As part of his strategy to keep the Big 12 Conference intact, commissioner Dan Beebe is trying to convince Texas -- the key -- and other schools that a 10-team model would still provide strong television revenue, a source familiar with Beebe's plan told ESPN's Joe Schad on Sunday.
Beebe has been told the loss earlier this week of Nebraska to the Big Ten and Colorado to the Pac-10 could diminish the value of the Big 12 by as little as 8 to 10 percent.
Beebe is stressing the value of sharing revenue with fewer schools and collecting and distributing the departure penalties of Nebraska and Colorado, the source said.
Secondary elements of the pitch include keeping natural rivalries intact and considering the interests of both fans and student-athletes.
Under the plan, Texas could still conceivably pursue its own TV deal, something it would not be able to do in the Pac-10.
So really it's all about the world revolving around Texas. lol Interestingly schools who are trying to keep the conference intact are pointing to a concern some of us have been raising here on BN. The concern about "projections":
Schools in favor of keeping the Big 12 together are suggesting the Pac-10's plan is based largely on projections and that it's unclear exactly when a Pac-10 network would launch and how successful it could be.
More on how this last ditch plan (dubbed the "Beebe Plan") offers Big-
1210 schools pondering about jumping out of the conference, from Chip Brown at OrangeBloods.com, which has been all over this story in last few weeks:
--Beebe has secured information that enough money could be inked in its next TV negotiation (in 2011) that revenues per school would jump from between $7 million and $10 million in the Big 12 currently to $17 million beginning in 2012, which is what the SEC pays out.
--The 10 remaining Big 12 schools would divide up the more than $20 million in buyout penalties that will have to be paid by Colorado and Nebraska for leaving the league early.
--Individal institutions would be allowed to pursue their own networks, which has been a goal of Texas. If the Longhorns went to the Pac-10, they would have to forgo their own distribution platforms, including a network, because the Pac-16 would seek to have a conference network in which all inventory is shared.
(Consultants have put Texas' ability to generate revenue from its own network at between $3 million and $5 million after a start-up window of about three years.)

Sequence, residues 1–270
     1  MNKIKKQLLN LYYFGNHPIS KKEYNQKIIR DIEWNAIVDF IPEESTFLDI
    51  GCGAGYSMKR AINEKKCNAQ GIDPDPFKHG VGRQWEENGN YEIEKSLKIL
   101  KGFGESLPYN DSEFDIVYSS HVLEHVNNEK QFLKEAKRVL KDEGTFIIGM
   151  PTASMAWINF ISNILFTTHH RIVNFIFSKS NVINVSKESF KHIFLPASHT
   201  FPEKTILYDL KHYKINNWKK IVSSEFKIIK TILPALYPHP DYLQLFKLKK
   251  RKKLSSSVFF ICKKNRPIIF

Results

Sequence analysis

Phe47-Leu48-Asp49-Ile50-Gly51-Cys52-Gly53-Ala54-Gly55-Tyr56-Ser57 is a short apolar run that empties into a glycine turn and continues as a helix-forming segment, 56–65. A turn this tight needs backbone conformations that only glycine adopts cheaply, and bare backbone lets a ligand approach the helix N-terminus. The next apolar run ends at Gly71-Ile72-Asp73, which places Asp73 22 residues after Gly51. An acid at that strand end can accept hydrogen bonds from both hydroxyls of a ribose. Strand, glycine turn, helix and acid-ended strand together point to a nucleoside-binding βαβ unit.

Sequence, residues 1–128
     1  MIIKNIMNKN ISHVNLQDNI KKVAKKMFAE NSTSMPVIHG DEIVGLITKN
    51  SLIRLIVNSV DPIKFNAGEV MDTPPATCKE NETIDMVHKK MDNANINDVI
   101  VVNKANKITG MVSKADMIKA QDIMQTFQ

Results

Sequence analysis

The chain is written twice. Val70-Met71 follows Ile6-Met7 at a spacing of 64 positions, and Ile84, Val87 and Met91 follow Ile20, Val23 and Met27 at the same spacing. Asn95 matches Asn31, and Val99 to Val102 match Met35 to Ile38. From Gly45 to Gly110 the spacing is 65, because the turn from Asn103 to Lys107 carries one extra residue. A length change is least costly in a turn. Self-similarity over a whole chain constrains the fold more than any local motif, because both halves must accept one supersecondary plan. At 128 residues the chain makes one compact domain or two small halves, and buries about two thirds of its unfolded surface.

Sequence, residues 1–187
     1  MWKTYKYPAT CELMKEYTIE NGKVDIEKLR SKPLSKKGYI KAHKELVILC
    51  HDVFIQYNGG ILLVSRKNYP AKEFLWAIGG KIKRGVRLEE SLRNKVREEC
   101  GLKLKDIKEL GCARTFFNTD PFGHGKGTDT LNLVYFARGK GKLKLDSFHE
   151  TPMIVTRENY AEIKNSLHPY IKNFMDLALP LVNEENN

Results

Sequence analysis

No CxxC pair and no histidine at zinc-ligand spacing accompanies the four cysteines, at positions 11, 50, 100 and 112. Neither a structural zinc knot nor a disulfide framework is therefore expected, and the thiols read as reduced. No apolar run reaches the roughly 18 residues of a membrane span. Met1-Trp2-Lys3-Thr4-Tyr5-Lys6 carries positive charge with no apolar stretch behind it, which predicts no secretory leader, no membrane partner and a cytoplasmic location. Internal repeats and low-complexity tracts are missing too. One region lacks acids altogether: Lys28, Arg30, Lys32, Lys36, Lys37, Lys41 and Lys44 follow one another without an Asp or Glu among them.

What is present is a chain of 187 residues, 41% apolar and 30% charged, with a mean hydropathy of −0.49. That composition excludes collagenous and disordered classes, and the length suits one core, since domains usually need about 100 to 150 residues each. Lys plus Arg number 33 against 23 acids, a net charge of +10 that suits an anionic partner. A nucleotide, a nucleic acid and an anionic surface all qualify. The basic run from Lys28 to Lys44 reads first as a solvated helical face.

--The Big 12 would proceed with 10 teams. Everyone would play everyone in football, providing a nine-game conference schedule.
--The conference championship game would be dumped in the short-term (because the NCAA mandates 12 schools for a football title game).
--The loss of Nebraska and Colorado should have been a loss of about 16 percent to the league's revenue generating capacity. But because Colorado was an underperformer, the league lost only about 8.6 percent of its value with the loss of Nebraska, according to sources with knowledge of the Beebe Plan.
Guess we will have to stay tuned. The situation is very fluid at this point. Personally I don't really care about this all that much. I am still not sure how this expansion helps UCLA directly as an institution.
I am very uncomfortable with the idea of screwing around with traditions in college football (which is the heart and soul of this game). Plus, I am not going to be all shook up if we don't get few schools from Texas added to the conference.
Anyway, since it's the off-season, I guess it gives something to chat about. We will keep an eye on it. Let's use this post as our conference chatter open thread for today.
UPDATE (N): Latest update has Texas staying put in the Big-1210:
In a bombshell development that could bring a halt to seismic changes in college realignment, sources tell Orangebloods.com Texas has been convinced by a plan presented by commissioner Dan Beebe to stay in a 10-member Big 12.
UT officials are expected to announce their decision to remain in the Big 12 as early as Monday.
Such a move would appear to end a courtship between Texas and the Pac-10, which all but seemed solidified as of Friday when Nebraska announced it was heading to the Big Ten and Colorado had a press conference with its new commissioner - Larry Scott of the Pac-10.
Good. GO BRUINS.